What is a corridor path
A corridor is defined by the m_flags.m_isOnCorridorPath flags in a2dCanvasObject. Following objects with this flags set, starting at the ShowObject of an a2dView, you will arrive at the end of the corridor eventually. The corridor is used to redirect events only to the end object of the corridor. The nested children at the end object in the corridor, will receive the mouse events generated in the a2dView, and other objects higher in the hierarchy will be skipped. Normally events are sent to all objects hit, and even events are generated when leaving objects. In case of a corridor they go only to the objects at the end of the corridor. The event is sent with the proper context, so the matrix calculation to calculate position and relative position etc. is all available.
How a corridor path is stored
A corridor is setup while traversing a document. Any object can set a corridor as a reaction to an event. Often this is done when an object is in editing state. The EditCopy object is in this case setting up the corridor. All this is under control of the a2dObjectEditTool. When SubEditing is allowed, the corridor can become several levels deep into the hierarchy of a a2dCanvasDocument, starting at the ShowObject in an a2dCanvasView. Every a2dCanvasObject can have multiple references to it, so there can be multiple parent objects. For that reason more then one corridor is possible to reach an object at a deeper level inside a document. Therefore a corridor is setup via the a2dIterC context. This class is able to travel up the hierarchy to find all the parent objects passed while traversing the document. The following picture shows how a corridor points to one specific object in a document tree.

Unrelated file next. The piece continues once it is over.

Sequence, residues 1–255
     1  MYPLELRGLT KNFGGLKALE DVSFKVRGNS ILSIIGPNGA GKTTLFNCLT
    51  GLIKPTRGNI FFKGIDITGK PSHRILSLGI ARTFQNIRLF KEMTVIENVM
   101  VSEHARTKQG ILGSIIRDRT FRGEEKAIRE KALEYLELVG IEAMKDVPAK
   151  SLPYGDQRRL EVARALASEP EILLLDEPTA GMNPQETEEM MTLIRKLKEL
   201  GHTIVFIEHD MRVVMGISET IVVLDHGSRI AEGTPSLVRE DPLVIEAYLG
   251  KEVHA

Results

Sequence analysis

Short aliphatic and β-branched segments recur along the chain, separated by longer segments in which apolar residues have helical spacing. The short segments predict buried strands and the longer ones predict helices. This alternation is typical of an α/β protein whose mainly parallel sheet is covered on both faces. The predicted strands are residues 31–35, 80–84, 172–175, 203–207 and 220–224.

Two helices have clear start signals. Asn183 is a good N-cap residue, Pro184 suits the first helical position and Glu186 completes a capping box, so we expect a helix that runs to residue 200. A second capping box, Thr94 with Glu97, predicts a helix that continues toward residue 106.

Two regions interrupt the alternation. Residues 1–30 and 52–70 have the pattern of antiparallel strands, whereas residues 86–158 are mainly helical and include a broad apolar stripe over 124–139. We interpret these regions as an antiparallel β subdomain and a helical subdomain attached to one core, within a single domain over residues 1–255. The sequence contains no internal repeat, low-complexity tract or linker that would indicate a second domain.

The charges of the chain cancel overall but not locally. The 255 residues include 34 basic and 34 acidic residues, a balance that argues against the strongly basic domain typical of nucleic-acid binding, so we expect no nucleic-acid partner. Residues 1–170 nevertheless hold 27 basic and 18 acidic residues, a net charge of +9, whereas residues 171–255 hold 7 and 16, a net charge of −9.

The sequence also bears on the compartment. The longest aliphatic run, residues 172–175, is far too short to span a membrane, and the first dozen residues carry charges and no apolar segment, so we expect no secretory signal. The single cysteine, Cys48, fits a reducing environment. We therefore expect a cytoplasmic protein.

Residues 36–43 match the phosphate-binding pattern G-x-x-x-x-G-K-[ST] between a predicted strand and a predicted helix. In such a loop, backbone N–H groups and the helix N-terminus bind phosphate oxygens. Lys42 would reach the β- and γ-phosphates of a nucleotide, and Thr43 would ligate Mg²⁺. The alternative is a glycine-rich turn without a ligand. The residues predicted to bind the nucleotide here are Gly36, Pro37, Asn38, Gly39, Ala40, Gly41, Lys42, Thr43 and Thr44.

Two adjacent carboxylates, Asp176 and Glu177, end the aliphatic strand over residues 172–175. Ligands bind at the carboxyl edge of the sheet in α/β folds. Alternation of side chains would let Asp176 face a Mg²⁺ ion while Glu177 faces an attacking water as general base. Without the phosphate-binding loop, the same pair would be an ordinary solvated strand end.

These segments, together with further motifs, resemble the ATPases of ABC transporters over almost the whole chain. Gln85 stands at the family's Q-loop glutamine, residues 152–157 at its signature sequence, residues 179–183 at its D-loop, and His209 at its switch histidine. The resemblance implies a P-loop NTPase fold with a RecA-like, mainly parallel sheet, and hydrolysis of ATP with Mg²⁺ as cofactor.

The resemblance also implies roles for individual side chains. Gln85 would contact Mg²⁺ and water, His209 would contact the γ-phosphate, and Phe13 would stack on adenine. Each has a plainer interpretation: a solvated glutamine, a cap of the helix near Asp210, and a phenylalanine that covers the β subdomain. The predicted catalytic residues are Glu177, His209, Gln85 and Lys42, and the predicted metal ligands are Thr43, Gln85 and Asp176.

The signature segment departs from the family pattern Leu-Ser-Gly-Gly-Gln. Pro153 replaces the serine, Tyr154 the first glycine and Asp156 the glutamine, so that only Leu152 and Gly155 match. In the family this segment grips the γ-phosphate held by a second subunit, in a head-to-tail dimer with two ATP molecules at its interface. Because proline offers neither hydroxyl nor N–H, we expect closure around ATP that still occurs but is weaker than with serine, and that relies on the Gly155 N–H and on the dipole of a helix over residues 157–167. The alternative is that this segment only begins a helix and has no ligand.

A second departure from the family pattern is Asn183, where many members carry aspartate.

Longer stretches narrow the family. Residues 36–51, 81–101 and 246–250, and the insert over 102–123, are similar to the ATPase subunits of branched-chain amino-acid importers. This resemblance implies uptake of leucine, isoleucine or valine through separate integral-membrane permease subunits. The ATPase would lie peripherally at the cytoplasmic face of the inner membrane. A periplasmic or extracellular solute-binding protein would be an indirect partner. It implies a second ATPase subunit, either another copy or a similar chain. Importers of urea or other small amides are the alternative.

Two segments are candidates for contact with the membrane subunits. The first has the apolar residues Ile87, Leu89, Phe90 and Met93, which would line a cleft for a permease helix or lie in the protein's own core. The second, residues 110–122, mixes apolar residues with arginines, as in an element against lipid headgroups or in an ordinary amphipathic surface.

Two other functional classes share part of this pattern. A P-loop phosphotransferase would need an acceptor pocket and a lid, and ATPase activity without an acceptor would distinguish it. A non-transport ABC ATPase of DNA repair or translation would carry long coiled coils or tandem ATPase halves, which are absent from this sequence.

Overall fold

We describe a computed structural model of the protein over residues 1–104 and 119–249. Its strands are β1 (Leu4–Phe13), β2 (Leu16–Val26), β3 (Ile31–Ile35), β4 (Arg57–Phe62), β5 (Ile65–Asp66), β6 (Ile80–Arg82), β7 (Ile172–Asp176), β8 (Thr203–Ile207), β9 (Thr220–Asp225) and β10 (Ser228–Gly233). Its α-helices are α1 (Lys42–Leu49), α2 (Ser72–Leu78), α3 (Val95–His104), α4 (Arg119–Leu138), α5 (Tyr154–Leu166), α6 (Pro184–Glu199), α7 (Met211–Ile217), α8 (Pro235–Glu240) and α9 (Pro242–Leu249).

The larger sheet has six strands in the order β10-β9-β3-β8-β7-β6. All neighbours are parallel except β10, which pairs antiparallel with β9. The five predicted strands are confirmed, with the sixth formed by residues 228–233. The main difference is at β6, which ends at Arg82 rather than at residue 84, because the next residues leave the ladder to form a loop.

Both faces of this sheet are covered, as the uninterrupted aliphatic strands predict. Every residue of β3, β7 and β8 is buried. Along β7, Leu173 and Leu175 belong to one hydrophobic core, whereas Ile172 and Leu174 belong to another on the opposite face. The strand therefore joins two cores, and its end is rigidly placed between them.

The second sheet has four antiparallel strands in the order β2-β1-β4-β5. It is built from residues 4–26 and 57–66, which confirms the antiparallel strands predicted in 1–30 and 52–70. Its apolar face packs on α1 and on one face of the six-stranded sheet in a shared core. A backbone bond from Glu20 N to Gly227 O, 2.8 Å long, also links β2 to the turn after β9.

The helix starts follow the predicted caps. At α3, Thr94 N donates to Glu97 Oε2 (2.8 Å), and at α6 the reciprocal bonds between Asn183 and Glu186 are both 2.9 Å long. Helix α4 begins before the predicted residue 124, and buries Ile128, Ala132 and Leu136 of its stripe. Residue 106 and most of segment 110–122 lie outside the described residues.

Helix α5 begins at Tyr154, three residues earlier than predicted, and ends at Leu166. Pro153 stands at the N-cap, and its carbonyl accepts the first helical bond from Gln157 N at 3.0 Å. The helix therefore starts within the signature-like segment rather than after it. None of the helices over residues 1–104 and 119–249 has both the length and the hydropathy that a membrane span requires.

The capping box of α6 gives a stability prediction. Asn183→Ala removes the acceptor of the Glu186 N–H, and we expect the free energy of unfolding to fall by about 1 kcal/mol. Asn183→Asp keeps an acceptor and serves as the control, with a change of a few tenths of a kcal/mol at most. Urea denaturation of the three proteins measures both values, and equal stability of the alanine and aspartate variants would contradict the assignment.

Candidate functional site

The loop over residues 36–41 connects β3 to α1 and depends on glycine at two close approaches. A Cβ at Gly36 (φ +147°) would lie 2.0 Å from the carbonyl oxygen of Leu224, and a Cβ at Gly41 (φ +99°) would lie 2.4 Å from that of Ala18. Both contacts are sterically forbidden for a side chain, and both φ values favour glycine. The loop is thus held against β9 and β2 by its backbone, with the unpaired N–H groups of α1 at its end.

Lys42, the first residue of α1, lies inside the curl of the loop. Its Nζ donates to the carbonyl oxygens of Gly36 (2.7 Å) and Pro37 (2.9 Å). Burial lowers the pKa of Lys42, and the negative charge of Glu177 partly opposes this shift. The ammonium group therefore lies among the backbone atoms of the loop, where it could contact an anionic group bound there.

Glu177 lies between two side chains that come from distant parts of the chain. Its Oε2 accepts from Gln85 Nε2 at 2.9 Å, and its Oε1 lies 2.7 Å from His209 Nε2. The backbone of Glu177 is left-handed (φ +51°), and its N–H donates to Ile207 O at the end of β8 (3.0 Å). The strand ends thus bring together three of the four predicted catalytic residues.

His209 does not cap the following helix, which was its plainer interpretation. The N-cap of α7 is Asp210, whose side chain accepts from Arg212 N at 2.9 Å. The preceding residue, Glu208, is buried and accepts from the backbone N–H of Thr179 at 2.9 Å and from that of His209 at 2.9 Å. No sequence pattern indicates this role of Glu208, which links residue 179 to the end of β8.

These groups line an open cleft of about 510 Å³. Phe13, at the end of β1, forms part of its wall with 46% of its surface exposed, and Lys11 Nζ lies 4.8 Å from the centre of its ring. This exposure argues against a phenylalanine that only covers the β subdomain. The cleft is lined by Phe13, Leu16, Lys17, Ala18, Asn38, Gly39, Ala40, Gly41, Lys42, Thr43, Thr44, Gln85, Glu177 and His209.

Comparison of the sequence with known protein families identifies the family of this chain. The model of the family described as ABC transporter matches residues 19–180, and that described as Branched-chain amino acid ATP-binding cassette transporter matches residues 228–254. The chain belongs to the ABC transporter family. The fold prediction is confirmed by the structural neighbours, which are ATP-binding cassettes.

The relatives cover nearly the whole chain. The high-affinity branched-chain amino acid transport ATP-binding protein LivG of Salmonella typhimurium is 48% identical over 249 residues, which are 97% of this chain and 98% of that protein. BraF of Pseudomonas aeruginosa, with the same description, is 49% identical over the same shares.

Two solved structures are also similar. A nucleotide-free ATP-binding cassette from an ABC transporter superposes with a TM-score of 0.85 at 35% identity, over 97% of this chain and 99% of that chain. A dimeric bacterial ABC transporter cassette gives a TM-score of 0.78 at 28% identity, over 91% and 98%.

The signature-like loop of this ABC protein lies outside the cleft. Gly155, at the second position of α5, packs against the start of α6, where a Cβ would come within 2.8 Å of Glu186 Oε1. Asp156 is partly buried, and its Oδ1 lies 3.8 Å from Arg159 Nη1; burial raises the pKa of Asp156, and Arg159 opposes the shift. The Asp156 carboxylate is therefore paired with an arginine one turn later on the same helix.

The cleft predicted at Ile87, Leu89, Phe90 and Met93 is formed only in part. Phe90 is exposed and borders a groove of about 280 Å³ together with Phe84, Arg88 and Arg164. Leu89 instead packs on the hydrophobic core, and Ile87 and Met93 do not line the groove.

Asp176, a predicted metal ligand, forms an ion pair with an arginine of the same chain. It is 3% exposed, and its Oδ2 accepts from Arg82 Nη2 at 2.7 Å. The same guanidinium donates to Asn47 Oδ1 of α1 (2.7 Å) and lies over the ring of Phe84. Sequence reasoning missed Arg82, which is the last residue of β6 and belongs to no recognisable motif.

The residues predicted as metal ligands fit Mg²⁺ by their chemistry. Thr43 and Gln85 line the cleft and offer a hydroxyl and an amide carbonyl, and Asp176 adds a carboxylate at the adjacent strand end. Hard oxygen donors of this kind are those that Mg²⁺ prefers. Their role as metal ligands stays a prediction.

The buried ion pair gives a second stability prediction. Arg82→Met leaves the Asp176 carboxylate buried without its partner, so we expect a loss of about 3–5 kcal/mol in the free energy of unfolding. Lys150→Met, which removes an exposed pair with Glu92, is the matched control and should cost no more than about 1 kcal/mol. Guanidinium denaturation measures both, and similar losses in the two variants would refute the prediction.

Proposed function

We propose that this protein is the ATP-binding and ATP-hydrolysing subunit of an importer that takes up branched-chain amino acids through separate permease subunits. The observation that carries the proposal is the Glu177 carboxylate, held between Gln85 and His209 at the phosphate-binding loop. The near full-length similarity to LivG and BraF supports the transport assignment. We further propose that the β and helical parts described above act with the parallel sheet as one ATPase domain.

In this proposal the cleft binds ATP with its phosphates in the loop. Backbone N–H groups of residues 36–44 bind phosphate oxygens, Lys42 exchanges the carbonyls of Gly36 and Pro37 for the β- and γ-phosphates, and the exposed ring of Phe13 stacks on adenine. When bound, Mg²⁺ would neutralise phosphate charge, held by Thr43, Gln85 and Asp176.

The corridor itself does not include an object that is being edited, it contains all objects leading to the object. The last object in the corridor is the parent of the object being edited. Editing is normally achieved by making a copy of the original object, and from there start editing. This so called edit copy is added to the same parent, which is at the end of the corridor. In fact hit events that started the edit action on the original, are now intercepted by the edit copy. All children of the corridor parent do receive events, but only one processes the mouse events from the editing tool because its the edit copy. Still highlighting objects when the mouse passes over them does work as usual.
How to capture a corridor path
One can set a corridor two ways, captured or not. When not captured, the events are distributed to all children of the a2dCanvasObject set as end of the corridor. The child hit (first) by the mouse will receive the events. When captured, events go only to a specific child, which was set as capturing object. Even if the mouse is not a hit on the object, the event will go to the captured child objects.
Saving a corridor path
In some tools one likes to preserve a set corridor when temporarily pushing a new tool, in order to restore it when the tool is popped. The class a2dCorridor is used for that.
end object in a2dCanvasView
A corridor is found via the m_flags.m_isOnCorridorPath flag, this is enough to track the corridor path in a document. But when traversing the document, it is not clear if a specific object in the corridor is the last object with the flag set or not. To prevent testing all children first in order to get this information, the end object in the corridor is saved in the a2dCanvasView for which the corridor was set.